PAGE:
Intel CEO Resigns After 'Past Consensual' Affair With Intel Employee

Image: Intel

Intel's leadership has had a rapid overhaul in the last 24 hours, with CEO Brian Krzanich resigning after violating Intel's non-fraternisation policy.

Intel conducted an investigation into the matter after they were informed that Krzanich, who is married with two children, had a "past consensual relationship with an Intel employee".

"An ongoing investigation by internal and external counsel has confirmed a violation of Intel’s non-fraternisation policy, which applies to all managers," a release from Intel said. "Given the expectation that all employees will respect Intel’s values and adhere to the company’s code of conduct, the board has accepted Mr. Krzanich’s resignation."

Robert Swan, Intel's chief financial officer, was appointed as interim CEO. Intel will conduct a search for a new CEO, however, similar to the internal and external search that elevated Krzanich to the job.

Krzanich has been with Intel since 1982, having started at Intel's New Mexico plant and rising to chief operating officer in 2012. He replaced Paul Otellini as CEO in 2013 after the latter opted to retire.


Comments

    I don’t see why people have to have their lives torn apart because they make mistakes, or if their marriage falls apart. We have gone too far with this.

      Violation of Intel policy preventing bosses from sleeping with subordinates, basically. It's not unreasonable. (Also, torn apart is pretty strong language - he resigned, he wasn't imprisoned.)

        I get that, and as he head of the company he would have to be setting the example. It’s just sad is all. Can’t help who you like sometimes.

        I think Agent is referring to the whole, making it publicly aware as to why he has resigned. There's no need for a company to essentially expose one's life like that. It also puts his wife in an awkward position (if she was unaware of it originally) of not only being blindsided but also having to face her own humiliation and shame and she doesn't have the ability to be discreet now.

          There's also what's happened over the last couple of years: Intel still hasn't made ground on mobile, AMD's resurgence and gaining ground in consumer/data centres, the Spectre/Meltdown debacle.

          The timing of all of this just feels a little convenient. As for the public reasoning, it had to be disclosed: the market would have obliterated Intel if it had tried to hide it or put another spin on it. They did well by keeping it under wraps until the market announcement, really.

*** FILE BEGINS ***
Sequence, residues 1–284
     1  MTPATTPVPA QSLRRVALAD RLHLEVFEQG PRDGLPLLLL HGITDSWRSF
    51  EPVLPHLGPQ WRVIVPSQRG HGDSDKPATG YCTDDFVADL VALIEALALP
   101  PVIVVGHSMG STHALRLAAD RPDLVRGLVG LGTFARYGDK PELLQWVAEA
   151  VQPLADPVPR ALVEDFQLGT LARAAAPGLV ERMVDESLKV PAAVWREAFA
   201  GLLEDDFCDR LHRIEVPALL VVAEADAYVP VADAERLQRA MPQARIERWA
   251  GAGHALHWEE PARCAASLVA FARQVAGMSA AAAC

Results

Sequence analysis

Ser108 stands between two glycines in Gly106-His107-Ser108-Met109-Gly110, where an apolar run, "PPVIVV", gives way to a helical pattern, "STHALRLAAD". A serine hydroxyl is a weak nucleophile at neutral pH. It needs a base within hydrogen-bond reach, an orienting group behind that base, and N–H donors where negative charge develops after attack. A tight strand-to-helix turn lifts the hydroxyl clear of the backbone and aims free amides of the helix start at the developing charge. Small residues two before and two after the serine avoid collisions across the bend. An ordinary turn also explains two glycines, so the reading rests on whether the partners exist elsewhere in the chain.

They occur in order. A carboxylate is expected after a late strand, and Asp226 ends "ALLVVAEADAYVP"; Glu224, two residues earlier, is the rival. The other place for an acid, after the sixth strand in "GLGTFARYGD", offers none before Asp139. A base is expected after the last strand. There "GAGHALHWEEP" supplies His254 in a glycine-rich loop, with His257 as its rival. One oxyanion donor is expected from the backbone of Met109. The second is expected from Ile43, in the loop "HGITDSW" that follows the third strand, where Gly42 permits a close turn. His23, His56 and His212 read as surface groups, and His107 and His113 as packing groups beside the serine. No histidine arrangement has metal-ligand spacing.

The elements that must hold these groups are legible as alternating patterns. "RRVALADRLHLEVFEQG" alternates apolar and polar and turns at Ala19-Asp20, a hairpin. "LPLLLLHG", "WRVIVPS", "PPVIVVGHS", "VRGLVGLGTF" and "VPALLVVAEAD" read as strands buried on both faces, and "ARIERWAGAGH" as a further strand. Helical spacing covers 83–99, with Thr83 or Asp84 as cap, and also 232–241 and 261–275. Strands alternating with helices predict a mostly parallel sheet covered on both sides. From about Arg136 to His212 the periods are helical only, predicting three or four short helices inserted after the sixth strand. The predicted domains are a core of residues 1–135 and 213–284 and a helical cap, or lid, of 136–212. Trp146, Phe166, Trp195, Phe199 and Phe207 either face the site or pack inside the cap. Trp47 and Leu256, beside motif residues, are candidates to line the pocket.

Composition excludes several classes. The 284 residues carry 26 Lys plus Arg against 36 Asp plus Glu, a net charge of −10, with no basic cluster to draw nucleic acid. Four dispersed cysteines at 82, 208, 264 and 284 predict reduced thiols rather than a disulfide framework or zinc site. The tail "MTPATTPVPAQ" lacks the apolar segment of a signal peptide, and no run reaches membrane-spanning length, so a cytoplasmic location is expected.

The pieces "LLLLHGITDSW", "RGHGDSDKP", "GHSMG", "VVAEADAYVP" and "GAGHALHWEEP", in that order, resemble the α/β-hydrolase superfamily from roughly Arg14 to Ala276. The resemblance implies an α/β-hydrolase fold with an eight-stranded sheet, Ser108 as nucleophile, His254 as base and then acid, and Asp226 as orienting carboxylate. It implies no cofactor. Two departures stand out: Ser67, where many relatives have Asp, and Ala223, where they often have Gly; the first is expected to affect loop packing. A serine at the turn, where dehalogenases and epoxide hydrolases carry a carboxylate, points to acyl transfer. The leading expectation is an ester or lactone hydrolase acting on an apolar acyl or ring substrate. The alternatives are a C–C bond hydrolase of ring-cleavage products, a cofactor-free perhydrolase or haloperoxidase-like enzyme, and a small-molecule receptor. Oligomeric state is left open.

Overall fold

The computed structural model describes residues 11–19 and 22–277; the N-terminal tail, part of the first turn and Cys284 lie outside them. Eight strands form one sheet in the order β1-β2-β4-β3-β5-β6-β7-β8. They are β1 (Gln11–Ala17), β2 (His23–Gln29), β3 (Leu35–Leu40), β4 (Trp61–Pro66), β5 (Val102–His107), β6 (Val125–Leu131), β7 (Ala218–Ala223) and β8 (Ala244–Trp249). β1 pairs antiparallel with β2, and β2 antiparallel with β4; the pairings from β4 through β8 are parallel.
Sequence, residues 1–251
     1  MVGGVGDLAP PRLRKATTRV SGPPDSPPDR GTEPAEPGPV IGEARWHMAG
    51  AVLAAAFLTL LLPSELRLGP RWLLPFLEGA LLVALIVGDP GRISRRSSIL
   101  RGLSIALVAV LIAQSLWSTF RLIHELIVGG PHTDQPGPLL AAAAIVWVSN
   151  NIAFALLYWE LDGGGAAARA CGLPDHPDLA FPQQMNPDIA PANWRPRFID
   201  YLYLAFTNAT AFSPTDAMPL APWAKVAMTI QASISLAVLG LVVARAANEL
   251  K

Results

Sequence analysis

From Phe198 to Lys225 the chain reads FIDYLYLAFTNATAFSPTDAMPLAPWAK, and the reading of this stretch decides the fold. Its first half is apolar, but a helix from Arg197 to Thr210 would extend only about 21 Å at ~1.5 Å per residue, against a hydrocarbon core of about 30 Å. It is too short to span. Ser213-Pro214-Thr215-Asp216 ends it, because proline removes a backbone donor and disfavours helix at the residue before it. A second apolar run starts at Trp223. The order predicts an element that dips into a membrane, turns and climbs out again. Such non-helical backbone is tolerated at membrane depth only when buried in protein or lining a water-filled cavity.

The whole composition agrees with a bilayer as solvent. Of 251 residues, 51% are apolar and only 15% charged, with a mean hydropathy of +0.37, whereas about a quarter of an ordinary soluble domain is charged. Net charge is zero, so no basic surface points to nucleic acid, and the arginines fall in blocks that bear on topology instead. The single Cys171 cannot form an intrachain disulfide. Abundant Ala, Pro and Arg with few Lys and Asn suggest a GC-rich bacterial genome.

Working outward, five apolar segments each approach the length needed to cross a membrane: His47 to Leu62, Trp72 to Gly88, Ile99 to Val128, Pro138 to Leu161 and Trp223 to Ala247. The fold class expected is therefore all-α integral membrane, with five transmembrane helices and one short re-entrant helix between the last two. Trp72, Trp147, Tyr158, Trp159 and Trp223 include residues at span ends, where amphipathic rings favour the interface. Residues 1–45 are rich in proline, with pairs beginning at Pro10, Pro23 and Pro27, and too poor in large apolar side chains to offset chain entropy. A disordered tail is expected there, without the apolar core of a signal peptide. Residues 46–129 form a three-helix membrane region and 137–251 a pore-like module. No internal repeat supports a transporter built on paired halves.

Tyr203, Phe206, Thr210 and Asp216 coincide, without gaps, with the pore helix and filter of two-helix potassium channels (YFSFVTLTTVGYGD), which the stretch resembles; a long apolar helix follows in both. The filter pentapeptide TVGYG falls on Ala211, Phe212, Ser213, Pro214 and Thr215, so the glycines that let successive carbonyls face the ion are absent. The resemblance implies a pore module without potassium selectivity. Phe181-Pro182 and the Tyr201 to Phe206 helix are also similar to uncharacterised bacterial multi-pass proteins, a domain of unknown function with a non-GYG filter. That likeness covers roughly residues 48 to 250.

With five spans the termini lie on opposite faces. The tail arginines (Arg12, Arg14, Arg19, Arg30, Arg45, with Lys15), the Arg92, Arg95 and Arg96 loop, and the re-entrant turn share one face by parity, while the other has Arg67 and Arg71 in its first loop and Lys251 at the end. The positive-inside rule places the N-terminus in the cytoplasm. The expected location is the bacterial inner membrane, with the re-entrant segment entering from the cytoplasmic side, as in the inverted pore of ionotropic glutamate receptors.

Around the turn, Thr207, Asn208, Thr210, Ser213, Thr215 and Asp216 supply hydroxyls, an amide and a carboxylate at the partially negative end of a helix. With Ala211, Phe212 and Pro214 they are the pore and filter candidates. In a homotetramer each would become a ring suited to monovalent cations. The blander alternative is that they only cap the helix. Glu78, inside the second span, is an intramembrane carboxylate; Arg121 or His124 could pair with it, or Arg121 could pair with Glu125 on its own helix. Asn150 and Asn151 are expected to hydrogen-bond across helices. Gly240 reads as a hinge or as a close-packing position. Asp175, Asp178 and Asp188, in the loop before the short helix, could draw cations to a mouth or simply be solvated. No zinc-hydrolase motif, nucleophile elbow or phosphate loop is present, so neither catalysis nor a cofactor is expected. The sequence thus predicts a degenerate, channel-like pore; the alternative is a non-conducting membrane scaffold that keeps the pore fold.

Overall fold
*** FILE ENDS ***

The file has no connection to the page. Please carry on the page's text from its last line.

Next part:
It has nothing to do with him having an affair. It has everything to do with violating a policy designed to prohibit abuse of power and promote equality.

      With managerial non-fraternization in large companies (or the military!) it's about protecting juniors from sexual harassment (no matter what the policies, some bosses can and do act inappropriately and it's easier to get rid of the junior than the boss without a clear policy like this in place...) and about protecting seniors from blackmail ("I'll tell people about this if you don't get me that promotion"...). Managers know about these rules and they're in the contracts. Look at what can go wrong (say, Channel Seven!).

      Also, given that he recently sold $39M in shares, it's not so much "torn apart" as it is "a bit embarrassing until the next news cycle and possibly a bit expensive if his wife files for divorce".

    Sad for his children that this gets plastered all over the internet, but I guess they have dad to blame for that.

    I wonder if the other employee also "resigned"?

      The policy may not apply to them. Non-fraternisation policies usually apply to management as they hold a position of power and authority over others. It's not a uncommon policy.

        Oh yeah totally, it just read like the company has a broad non-fraternisation policy, which would seem fairly draconian, but not that surprising for an American company.

    Whats the bet this never happened and its just a way for him to retire without saying "i am retitiring because under my leadership i have completely fucked everything up", this 'lie' will hurt stocks less than the truth

      That's a pretty rough thing to put his family through just so some shareholders make a few cents in the dollar more than they would have otherwise.

        yeah but if the family get an extra few million $$ as a leaving present from Intel im sure it would hurt less.

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